In the middle of the 20th century, Swiss theologian Karl Barth gradually published a series of book volumes that became celebrated works in his field. Since these came later in life, he occasionally referred to his earlier writings.
In one notable passage, he quotes one of his prior works and then invokes a line from Demetrius in Shakespeare’s A Midsummer Night’s Dream:
Well roared, lion.
The point is obvious: he’s poking fun at his younger self.
We Admire Confidence
I’ve recently spoken with two people who have prominent roles in organizations that most readers would recognize. Both individuals are experts in the work they do and speak with great confidence about their work.
I’ve known both individuals for over a decade and have been extraordinarily impressed with both. If you ran into either, both would fascinate you for hours in conversation and could likely contribute much to your organization.
Confidence Isn’t Enough
While both of these people have a strong roar, at least one notable trait separates them.
Although extraordinarily confident in his work, the first person makes it a regular practice to seek input from other experts and get coaching on the major decision points needed in his business. His business has grown steadily over the decade I’ve know him – a business that looks very different today than it did a decade ago.
His roar changed.
The second person I know, while also extraordinarily talented and confident, is essentially doing things the same way she did a decade ago. While still successful, she hasn’t appeared to change much about the way she does business or interacts with her industry. Her business is flat and, while still successful, she’s now been forced to work in ways that don’t align with her talents and require extra hours and travel to keep her business running.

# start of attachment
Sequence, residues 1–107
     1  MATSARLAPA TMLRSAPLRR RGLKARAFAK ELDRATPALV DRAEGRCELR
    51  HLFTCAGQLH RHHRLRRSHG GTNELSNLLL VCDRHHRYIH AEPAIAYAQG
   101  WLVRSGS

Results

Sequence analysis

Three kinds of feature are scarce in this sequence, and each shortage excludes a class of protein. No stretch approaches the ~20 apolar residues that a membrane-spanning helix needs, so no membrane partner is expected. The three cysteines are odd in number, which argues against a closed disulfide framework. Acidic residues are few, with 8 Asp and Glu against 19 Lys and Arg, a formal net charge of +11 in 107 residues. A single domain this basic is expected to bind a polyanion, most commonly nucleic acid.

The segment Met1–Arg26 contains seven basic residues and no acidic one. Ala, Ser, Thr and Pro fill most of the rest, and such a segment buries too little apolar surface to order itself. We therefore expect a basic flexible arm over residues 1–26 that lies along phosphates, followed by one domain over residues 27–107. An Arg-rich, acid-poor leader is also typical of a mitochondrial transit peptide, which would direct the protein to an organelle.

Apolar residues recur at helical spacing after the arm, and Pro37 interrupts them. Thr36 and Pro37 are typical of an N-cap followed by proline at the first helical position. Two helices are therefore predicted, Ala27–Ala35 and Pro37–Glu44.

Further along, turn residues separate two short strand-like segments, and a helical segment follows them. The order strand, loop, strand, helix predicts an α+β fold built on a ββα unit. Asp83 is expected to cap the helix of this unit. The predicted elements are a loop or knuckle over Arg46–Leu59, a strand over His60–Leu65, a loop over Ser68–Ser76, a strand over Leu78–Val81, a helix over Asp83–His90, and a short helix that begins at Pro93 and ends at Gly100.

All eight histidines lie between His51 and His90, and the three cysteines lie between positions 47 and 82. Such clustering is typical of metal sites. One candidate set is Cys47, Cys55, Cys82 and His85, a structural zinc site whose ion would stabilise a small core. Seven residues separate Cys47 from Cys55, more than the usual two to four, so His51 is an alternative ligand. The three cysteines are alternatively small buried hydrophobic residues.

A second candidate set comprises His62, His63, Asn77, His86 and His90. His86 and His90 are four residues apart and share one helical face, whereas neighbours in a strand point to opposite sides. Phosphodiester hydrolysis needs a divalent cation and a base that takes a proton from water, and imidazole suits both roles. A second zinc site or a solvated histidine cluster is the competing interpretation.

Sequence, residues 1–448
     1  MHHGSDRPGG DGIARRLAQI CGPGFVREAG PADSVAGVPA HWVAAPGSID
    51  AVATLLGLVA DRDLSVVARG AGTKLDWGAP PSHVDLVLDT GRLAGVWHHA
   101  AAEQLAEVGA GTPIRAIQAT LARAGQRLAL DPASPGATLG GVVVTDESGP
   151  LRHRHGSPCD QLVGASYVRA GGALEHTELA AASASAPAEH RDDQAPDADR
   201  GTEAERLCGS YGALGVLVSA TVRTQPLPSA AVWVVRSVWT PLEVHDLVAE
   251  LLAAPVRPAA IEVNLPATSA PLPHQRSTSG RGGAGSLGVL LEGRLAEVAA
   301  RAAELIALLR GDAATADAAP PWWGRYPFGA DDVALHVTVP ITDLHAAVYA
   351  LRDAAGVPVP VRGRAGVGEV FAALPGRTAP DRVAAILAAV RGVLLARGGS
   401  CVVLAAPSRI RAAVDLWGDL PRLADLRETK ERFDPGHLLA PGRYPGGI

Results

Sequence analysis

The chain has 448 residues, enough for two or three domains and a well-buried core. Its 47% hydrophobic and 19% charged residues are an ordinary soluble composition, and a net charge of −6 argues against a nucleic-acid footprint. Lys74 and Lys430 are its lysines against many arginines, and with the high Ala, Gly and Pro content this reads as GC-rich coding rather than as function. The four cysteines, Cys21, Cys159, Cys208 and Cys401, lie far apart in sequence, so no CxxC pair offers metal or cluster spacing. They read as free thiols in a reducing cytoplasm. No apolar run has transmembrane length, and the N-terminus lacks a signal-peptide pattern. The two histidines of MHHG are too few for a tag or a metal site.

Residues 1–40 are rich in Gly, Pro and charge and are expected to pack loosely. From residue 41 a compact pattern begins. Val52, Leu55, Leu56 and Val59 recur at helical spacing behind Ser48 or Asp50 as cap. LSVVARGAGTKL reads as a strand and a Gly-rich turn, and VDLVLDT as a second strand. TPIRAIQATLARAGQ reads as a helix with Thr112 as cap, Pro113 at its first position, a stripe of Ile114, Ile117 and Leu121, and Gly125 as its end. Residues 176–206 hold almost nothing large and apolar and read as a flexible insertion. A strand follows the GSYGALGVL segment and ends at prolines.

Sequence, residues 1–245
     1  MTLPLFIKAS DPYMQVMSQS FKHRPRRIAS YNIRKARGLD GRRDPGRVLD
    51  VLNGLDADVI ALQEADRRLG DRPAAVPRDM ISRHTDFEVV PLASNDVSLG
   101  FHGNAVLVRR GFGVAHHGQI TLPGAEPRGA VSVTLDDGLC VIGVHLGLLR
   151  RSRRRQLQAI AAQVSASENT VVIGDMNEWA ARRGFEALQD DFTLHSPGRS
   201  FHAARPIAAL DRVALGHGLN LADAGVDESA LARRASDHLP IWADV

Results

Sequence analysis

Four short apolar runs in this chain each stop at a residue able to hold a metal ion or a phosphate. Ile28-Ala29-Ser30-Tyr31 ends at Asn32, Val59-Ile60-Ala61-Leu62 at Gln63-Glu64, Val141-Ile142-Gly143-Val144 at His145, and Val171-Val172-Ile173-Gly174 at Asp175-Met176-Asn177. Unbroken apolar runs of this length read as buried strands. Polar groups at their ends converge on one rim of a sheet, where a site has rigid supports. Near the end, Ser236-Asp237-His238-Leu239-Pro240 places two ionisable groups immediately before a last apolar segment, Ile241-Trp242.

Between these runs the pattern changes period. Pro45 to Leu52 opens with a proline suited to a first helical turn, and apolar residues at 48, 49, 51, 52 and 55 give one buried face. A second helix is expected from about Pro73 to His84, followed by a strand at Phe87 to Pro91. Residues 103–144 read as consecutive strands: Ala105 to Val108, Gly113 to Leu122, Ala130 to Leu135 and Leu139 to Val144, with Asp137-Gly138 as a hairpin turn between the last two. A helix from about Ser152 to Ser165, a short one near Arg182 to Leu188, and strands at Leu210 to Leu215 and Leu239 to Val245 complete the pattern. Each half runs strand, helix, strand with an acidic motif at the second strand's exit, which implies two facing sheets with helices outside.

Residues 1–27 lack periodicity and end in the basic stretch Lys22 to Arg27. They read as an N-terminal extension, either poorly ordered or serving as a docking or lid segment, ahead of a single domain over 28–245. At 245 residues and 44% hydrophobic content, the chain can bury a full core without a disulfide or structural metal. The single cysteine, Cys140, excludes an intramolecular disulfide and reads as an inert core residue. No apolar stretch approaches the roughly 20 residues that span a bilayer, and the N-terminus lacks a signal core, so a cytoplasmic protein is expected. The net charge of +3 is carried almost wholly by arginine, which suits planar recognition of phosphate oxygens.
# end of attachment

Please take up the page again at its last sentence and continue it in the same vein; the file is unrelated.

Her roar sounds the same.
As much as we’d all like to believe we’re the first person, research suggests that most of us are more like the second. This recent New York Times article cites a recent study showing that many of us would rather administer electric shocks to ourselves than stop and take the time for reflective thought.
We Should Examine (And Sometimes Change) Our Roar
It’s easy to locate people who are having success (or least appearing to have success). It’s far more challenging to identify leaders who’ve created sustainable success for their organizations and themselves for years or decades.
Most of the leaders I know who have sustained success have changed how they work over time. They have intentionally sought out others who will challenge them with love – and they’ve also made it a regular practice to challenge their own beliefs through personal mastery practices and reflective thought.
So many of these people can look back of their younger selves and relate to Barth’s reference:
Well roared, lion.
If wonder how many organizations would be different if more of us could say the same.
How Have You Changed Your Roar?
I welcome your thoughts below.